Last May, the Indiana State Supreme Court [above] ruled that citizens living in the Hoosier state don’t have the right to resist law enforcement officers entering their home—even when the police don’t have a warrant. Yes, you read that correctly. How, you may ask, is this ruling in compliance with the 4th Amendment that protects citizens from unreasonable search and seizure? As Justice Steven David wrote for the majority . . .
We believe however that a right to resist an unlawful police entry into a home is against public policy and is incompatible with modern Fourth Amendment jurisprudence. We also find that allowing resistance unnecessarily escalates the level of violence and therefore the risk of injuries to all parties involved without preventing the arrest.
It seems the court leaned heavily in favor of minimizing any potential violence against the police while illegally they break down your door.
“It’s not surprising that they would say there’s no right to beat the hell out of the officer,” [Valparaiso Professor Ivan] Bodensteiner said. “(The court is saying) we would rather opt on the side of saying if the police act wrongfully in entering your house your remedy is under law, to bring a civil action against the officer.”
You apparently have to be a judge to see the obviousness in this case. In any case, the Indiana House is now considering a law that would right this unjustly tipped ship. From indystar.com:
The measure — Senate Bill 1 — is aimed at overturning a controversial Indiana Supreme Court decision from last May. That 3-2 decision said people have no right to resist if police officers illegally enter their home.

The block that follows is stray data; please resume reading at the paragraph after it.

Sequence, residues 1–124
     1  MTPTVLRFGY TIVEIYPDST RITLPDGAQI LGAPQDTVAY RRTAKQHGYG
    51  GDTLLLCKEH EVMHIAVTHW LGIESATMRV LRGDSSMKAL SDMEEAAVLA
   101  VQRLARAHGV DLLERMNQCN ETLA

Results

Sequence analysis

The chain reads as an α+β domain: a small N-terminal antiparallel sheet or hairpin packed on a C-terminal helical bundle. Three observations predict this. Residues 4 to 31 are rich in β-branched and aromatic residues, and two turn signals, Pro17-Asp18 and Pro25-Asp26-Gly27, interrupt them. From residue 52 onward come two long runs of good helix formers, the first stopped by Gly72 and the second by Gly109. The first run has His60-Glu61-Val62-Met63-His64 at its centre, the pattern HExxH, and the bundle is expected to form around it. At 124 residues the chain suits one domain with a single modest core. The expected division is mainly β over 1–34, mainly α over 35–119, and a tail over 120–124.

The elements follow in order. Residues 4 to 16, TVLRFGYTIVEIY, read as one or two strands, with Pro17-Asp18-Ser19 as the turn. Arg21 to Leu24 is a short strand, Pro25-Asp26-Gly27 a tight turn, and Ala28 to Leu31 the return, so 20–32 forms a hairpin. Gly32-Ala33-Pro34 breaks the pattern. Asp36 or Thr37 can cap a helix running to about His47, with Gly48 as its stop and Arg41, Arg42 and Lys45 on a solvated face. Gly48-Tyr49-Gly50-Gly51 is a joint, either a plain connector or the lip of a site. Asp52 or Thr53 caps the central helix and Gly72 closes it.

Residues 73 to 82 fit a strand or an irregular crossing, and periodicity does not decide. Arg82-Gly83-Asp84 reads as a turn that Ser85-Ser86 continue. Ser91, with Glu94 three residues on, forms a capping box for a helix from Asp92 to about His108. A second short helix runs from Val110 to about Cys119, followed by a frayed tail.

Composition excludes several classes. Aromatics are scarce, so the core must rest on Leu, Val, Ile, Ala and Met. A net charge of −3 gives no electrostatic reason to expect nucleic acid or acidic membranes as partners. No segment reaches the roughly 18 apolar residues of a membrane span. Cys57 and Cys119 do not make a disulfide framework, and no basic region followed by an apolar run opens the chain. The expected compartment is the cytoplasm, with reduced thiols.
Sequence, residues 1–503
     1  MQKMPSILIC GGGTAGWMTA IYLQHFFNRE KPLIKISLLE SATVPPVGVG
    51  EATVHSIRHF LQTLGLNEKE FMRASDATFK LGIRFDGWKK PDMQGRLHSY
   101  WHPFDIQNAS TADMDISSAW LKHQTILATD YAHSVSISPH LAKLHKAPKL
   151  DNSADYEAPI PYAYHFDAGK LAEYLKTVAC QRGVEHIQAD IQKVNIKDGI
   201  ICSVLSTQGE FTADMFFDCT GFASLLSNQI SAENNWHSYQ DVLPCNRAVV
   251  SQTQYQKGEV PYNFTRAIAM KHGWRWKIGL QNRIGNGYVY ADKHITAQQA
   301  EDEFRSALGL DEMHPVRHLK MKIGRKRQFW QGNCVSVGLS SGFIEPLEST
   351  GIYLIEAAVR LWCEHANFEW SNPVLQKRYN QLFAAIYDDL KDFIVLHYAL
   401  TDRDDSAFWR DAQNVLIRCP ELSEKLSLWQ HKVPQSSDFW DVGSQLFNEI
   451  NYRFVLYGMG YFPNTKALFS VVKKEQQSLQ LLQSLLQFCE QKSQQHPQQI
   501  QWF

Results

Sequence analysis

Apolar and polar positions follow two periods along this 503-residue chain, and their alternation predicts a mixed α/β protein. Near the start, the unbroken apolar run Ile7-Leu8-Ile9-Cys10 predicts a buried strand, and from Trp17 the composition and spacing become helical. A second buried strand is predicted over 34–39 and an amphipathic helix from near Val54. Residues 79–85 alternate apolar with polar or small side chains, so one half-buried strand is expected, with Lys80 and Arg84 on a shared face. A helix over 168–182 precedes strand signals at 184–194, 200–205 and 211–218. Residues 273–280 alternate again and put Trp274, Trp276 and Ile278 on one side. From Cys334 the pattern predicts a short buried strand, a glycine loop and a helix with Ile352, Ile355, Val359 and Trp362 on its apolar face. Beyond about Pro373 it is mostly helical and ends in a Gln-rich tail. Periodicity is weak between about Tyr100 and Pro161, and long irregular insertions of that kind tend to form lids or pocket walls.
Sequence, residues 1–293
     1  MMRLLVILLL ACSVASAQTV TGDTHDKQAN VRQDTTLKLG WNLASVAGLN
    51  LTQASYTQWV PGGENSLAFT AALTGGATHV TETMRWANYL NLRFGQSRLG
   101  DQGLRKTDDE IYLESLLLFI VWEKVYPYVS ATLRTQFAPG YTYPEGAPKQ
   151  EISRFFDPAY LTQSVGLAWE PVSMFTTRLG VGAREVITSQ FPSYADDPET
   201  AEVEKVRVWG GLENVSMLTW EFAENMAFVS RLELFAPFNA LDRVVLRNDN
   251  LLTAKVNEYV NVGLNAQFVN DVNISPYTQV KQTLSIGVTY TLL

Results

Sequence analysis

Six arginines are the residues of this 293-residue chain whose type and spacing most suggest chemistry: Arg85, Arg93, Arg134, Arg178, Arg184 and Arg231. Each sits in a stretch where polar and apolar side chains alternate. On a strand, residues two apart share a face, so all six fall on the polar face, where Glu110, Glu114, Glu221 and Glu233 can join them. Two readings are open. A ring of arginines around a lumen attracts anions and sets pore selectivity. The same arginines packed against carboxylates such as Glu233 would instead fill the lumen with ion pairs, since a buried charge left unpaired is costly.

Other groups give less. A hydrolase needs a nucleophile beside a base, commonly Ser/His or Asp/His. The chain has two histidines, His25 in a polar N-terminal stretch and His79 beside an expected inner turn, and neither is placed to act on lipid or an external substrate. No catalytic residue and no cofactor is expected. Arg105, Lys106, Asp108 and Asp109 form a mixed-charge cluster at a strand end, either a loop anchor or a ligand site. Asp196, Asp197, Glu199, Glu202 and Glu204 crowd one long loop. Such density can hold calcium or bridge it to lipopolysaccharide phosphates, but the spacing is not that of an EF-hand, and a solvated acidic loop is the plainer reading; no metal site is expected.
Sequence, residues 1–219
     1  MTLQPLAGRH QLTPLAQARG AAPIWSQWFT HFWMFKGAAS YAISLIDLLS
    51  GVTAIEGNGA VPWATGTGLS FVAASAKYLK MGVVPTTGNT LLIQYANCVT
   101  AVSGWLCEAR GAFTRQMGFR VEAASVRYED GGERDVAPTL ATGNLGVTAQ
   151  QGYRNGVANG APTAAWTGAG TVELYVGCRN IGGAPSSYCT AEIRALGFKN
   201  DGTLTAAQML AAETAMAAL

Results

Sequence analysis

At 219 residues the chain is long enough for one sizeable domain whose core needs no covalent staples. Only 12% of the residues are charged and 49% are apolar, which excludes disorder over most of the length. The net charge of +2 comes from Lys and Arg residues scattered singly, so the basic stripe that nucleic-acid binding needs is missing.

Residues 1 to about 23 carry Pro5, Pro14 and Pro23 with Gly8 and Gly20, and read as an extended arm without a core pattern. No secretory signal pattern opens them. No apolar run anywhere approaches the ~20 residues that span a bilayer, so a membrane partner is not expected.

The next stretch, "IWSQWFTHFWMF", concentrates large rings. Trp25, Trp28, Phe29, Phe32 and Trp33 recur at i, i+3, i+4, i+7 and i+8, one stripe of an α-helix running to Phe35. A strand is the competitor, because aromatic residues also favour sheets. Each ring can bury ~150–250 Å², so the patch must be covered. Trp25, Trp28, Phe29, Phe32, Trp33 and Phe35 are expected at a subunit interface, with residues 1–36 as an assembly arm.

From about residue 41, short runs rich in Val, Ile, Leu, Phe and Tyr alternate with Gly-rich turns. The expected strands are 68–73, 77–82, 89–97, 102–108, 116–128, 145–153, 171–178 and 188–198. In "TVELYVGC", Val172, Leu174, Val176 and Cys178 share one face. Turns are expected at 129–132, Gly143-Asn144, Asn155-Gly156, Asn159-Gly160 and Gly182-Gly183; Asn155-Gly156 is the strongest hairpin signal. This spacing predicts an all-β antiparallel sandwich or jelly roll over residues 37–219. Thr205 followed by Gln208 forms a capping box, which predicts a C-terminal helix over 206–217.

The House sponsor of the bill, Rep. Jud McMillin, R-Brookville, said the bill tries to balance the rights of citizens against unlawful search and seizure with protecting law enforcement.
This, of course, does not mean that you can start blasting away at the coppers if they come into your house and you don’t think they are legally allowed to be there. That, my friends, is a good way to find yourself pushing up daisies. The new measure basically says that if an officer enters your home unlawfully, you’ll have the right to sue them. Got it? Good.
House Speaker Brian Bosma, R-Indianapolis, made one of his rare speeches on a bill in the House, saying the bill simply provides “jury instructions” so that if a case involving police entry into a home makes it to court, people will understand what is and is not allowed under the law. In fact, the Supreme Court, in its decision, basically invited the legislature to clarify Indiana’s law.
The bill, should it become law, can’t really be seen as a constitutional rights victory as 4th Amendment protections had been considered settled law for the last several hundred years before the Indy Supremes took it upon themselves to re-interpret a couple of hundred years of case law.
Since the House altered the original bill with provisions designed to protect police officers, the Indiana Senate will have to vote again before the bill goes to Governor Mitch Daniels. Incredible.